Broad Beans for Bigger Health Benefits
Whether you call them fava beans (USA) or broad beans (UK) these large, flattened light green pods are usually eaten shelled for their delicious flavor and considerable health benefits. Evidence has been found of their cultivation since at least 4500 BC while today they are grown all over the world with China being top of the list.
Although usually just the shelled beans are eaten, if harvested when still really young, the pods may also be eaten as well as the tips of the foliage as greens. Easy to identify, broad beans have stems that are square rather than the usual round of most plants.
Planting in the vegetable garden
In sheltered, southern gardens in the northern hemisphere with well-drained soils, broad beans can be sown directly into the soil in early November or February for harvests as early as May and throughout the summer.. in cold areas, or when winters are severe, plants will need fleece or cloche protection.
Those health benefits
- Fava beans are very high in protein and energy (in the same way as other beans and lentils) along with antioxidants, vitamins, minerals and plant-sterols.
- The beans are a very rich source of dietary fiber acting as a bulk laxative – so necessary to keep you regular and avoid the constipation that can so easily lead to hemorrhoids and fissures. Dietary fiber is also known to reduce blood cholesterol levels by decreasing re-absorption of cholesterol binding bile acids in the colon.
- Broad beans are rich in phyto-nutrients such as isoflavone (to protect against breast cancer) and natural cholesterol-lowering plant-sterols.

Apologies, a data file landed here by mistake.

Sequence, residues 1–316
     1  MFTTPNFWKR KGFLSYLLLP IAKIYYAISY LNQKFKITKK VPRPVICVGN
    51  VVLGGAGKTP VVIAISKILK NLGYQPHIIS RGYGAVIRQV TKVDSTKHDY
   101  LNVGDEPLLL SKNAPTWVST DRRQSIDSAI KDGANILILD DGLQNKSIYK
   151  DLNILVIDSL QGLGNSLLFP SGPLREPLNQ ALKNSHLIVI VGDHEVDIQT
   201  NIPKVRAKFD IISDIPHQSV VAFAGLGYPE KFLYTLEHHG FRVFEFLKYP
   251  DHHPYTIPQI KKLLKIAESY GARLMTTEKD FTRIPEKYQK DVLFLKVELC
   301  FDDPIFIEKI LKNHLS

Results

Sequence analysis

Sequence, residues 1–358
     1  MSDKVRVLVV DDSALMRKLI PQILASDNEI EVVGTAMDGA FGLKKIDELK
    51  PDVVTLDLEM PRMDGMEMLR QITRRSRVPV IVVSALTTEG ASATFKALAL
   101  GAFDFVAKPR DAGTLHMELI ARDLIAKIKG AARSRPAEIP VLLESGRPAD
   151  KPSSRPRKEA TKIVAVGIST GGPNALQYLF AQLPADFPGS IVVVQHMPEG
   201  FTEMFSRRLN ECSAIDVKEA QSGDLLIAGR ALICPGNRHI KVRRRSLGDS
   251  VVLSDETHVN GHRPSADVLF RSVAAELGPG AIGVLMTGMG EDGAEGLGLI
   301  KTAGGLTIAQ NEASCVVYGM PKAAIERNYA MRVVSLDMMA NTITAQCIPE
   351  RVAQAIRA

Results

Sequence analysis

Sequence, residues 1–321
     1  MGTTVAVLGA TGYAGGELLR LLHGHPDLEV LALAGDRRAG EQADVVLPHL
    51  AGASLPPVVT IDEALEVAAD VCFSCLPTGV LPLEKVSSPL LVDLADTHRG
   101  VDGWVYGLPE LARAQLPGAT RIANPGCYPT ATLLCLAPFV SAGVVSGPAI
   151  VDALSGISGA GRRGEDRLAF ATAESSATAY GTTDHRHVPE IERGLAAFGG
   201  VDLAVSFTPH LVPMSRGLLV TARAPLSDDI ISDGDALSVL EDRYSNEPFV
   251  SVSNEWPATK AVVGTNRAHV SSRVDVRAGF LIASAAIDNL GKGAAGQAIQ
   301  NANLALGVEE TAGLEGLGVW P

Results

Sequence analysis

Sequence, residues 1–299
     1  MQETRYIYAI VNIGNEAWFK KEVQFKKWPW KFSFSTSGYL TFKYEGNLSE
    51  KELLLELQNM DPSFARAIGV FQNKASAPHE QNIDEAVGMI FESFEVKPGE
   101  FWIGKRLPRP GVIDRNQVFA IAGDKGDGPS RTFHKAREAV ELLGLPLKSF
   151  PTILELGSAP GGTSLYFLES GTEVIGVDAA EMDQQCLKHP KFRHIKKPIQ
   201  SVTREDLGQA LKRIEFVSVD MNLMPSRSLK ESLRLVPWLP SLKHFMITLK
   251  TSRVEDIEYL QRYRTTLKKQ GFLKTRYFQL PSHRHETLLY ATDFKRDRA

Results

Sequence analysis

- Fava beans are good brain food, helping prevent Parkinson’s disease and dopamine responsive dystonia disorders.
- Fresh fava beans are an excellent source of folates. Folate along with vitamin B-12 is one of the essential components of DNA synthesis and cell division. For mums-to-be, adequate folate in the diet around conception and during pregnancy may help prevent neural-tube defects in the newborn baby.
- Fava beans also contain good amounts of vitamin-B6, thiamin, riboflavin and niacin.
- A good source of minerals like iron, copper, manganese, calcium and magnesium, fava beans are one of the highest plant sources of potassium.
Buying, storing, preparing and cooking
If you are able to grow your own (and your crop is big enough), you can easily home freeze the excess. In the markets, fresh fava beans are available from March until June. If you are buying, look for fresh, just mature, green color beans. Store unshelled beans in a perforated plastic bag inside the refrigerator for up to a week or so. But obviously, it is best to use them soon after harvest for optimum benefits and their rich natural flavor.
Gently cooked for a few minutes in boiling water, tender beans will melt in the mouth or they can even be mashed with butter, seasoning and some parsley. They make a delicious addition in stews, soups and stir-fries.
There are a couple of words of warning
Favism is the name given to a genetic condition affecting just a very small portion of the population with G-6PD (Glucose-6-phosphate dehydrogenase). This is an enzyme deficiency compromising oxygen-carrying capacity in their blood, triggered by eating fava beans or its products, as well as by some drugs and infections.
In addition, the beans contain oxalic acid (a naturally-occurring substance found in some vegetables) that may crystallize as oxalate stones in the urinary tract in some people. Those with known oxalate urinary tract stones are advised against eating vegetables belonging to the Brassica and Fabaceae family and drinking plenty of water can help maintain normal urine output to minimize the risk of stones.